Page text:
This deck is notable for the addition of Soul of Shandalar. This card is among the most interesting of the cycle to me, perhaps because it reminds me more of Inferno Titan than the others in the cycle remind me of anything. It also has first strike, which makes it the most resilient of any in the cycle. While Soul of Theros is probably the most powerful, and Soul of Zendikar the most consistent, Soul of Shandalar may be the most practical. It has found a natural home in Red Devotion, which plays both the Nykthos-fueled engine mana engine to cast and use it, and a curve of creatures and removal spells to support it. I like Soul of Shandalar as a finisher, as a top-end that generates board presence and locks up the game in a way that Stormbreath Dragon cannot. It will gun down small opposing creatures as well as going to the face. It also provides value from the graveyard as an extra bit of reach for closing out a game; after all, this is an aggressive red deck that plays Eidolon of Revels. It's also excellent when hasted from Hammer of Purphoros.
From a metagame position standpoint, this deck is foiled pretty well by Monoblue Devotion, but as a Black Devotion player I think it's strong against black, and I know it has game against UWx decks. It's going to be strong against smaller aggressive decks like Red aggro, but I could see it having trouble against a large green deck. The black splash in particular seems important going forward due to the great power of Dreadbore and Rakdos's Return against the field.Japan
The results from Japan feature some known decks that have been tuned and updated for the M15 world, including some that were already top tier and some brand new brews!
One of the biggest winners from M15 was Black Devotion, which in addition to a few black cards, got Urborg, Tomb of Yawgmoth and the painlands as even more mana fixing. Caves of Koilos was a boon to BW control, the Black Variant that stretches farthest from the Monoblack Devotion core and supports the largest color splash. This version took down a tournament in Japan:
This deck has a heavy white requirement with Elspeth, Sun's Champion and Obzedat, Ghost Council. Caves of Koilos allows it to play enough white to support its WW spells but still maintain a high enough black count for turn one Thoughtseize and BB on turn three for a number of spells. Previously this deck turned to either Orzhov Guildgate, which was quite clunky combined with Temple of Silence, or Mana Confluence, which is very painful, or even both. The upgrade in mana base gives this deck a little bit more edge and makes it even better against the field than it was previously. As far as the metagame positioning of BW goes, it's very strong in the mirror match and against UWx decks, though I don't love Blood Baron of Vizkopa if the metagame becomes clogged with Monogreen.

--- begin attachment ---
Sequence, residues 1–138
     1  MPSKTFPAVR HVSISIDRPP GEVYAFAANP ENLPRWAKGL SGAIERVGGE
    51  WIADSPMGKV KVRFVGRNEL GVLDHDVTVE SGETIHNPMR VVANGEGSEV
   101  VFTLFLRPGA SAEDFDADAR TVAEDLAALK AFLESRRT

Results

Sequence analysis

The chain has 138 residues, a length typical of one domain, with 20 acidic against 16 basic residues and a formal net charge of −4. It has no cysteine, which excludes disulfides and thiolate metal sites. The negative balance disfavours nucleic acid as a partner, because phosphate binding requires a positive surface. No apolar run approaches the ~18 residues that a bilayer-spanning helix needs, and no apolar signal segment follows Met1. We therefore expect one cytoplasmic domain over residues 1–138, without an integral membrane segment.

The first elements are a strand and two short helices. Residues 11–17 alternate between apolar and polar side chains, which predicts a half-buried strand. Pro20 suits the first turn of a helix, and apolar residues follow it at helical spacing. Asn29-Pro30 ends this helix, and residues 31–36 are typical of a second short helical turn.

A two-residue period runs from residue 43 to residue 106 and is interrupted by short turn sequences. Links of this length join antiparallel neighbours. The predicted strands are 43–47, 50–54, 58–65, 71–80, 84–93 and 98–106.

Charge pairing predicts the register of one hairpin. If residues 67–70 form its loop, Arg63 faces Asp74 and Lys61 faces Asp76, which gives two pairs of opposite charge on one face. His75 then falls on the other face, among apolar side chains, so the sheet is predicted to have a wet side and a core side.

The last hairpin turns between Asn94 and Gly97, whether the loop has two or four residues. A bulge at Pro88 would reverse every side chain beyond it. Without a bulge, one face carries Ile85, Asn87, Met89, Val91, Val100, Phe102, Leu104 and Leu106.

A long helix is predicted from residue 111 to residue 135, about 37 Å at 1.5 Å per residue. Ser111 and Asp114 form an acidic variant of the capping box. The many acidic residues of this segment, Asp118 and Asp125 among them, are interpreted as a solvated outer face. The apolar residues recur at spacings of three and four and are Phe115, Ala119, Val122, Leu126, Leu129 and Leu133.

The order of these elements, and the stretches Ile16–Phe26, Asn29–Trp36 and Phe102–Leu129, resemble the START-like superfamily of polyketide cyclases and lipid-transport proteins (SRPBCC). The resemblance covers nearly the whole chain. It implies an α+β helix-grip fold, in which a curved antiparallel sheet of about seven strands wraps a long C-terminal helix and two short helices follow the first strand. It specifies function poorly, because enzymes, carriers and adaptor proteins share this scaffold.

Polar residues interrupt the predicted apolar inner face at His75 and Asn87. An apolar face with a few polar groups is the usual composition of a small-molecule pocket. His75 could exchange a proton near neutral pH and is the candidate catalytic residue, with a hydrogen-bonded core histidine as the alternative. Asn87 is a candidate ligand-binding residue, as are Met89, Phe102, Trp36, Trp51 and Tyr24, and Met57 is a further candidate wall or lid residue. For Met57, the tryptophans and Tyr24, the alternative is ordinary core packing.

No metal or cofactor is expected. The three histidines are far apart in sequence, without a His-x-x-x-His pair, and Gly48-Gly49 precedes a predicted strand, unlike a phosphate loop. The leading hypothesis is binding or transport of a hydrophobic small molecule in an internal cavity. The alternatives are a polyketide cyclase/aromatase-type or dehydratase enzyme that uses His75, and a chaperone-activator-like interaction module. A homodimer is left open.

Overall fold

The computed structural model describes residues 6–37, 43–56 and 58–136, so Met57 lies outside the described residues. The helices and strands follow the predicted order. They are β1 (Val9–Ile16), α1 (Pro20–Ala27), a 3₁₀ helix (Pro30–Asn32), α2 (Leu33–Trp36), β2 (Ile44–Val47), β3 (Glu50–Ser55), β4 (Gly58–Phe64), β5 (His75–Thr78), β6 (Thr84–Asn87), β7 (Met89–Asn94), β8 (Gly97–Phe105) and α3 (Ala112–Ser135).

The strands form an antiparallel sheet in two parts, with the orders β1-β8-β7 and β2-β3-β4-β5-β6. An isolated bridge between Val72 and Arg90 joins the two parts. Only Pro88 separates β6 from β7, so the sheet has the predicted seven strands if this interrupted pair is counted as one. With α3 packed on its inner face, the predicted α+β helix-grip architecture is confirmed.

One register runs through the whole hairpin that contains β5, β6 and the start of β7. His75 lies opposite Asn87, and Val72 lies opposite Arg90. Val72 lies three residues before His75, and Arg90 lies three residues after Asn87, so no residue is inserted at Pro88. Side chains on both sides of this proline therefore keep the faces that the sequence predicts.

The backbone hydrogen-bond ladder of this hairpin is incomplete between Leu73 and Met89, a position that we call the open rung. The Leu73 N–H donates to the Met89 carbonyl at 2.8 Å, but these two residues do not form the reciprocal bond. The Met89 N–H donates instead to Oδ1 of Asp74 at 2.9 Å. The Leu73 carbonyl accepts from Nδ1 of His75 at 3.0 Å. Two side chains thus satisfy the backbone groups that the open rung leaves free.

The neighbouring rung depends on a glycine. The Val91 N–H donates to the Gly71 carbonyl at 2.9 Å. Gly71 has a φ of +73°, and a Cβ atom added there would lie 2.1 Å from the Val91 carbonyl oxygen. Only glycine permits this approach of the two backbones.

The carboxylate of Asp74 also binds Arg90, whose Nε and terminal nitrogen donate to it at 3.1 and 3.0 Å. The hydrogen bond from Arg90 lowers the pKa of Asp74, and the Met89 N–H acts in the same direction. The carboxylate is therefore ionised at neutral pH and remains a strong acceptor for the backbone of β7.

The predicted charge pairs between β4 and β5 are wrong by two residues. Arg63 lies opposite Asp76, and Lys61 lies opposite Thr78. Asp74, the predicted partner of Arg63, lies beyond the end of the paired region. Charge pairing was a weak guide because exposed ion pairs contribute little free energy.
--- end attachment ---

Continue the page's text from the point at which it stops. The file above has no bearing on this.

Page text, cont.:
Moving on from BW, the other main black devotion deck is BG, which got a big addition from M15 in Llanowar Wastes. This version took second in a Japanese event:
The green splash version takes advantage of some excellent M15 additions. Garruk, Apex Predator is powered by Llanowar Wastes and provides this deck an enviable top-end. This gives the deck an absolutely crushing way to end the game, whether it be destroying Elspeth, Sun's Champion, Desecration Demon, or simply making an army of Beast Tokens.
Liliana Vess is a card I've discussed as having merit in Black Devotion, and it has already made an impact here. It provides value as a source of discard, and its ability to fire off two tutor-effects in a row make it difficult yet imperative to deal with.
In terms of metagame positioning, BG Devotion has long been proven as the best choice in the mirror match, mostly on the back of Abrupt Decay on Underworld Connections, and against UWx, again on the back of Abrupt Decay, in this case against Detention Sphere. If the metagame becomes more controlling than this is a great option, though if the metagame becomes more aggressive I would stay. As it is, it's a slight variation on the black core that comes with its own set of advantage and disadvantages.
Goblin Rabblemaster has found a home, and it looks comfy. The combination of Goblin Rabblemaster, Hall of Triumph, and Dynacharge provide a lot of incentive to a rush of creatures and this deck does an admirable job of it. I don't have much to say about this deck, other than it's probably not top-tier but is quite fast, think Boss Ross Red, and it's certainly not a deck I'd want to play against with Black Devotion.
If that deck was not interesting enough, check out this deck, nicknamed "Chimera Shoot":
This deck is built to abuse Spellheart Chimera. I like that it plays a bunch of M15 cards, going beyond Shivan Reef to include cards like AEtherspouts, Polymorphist's Jest, and even Stoke the Flames. This deck has a core of strong spells, including burn as removal and Counterspells, along with some pretty solid creatures like Young Pyromancer and Goblin Electromancer. As a counter-burn deck with a powerful combo-like finish in Spellheart Chimera, this deck is the total package.
Japan certainly impressed me with innovation this week, as both the Goblin deck and the Chimera deck look like a blast to play. Magic-League continues to put out quality results, and I will continue to look towards it as an early-indicator of the Standard metagame. Where do you look for decklists/metagame information? Any interesting websites to share? Going forward, M15 will be legal through the summer until Return to Ravnica block rotates, and that includes a ton of tournaments. I'll be interested in seeing the continuing impact of M15 upon Standard and will share all the best right here at magic.TCGplayer.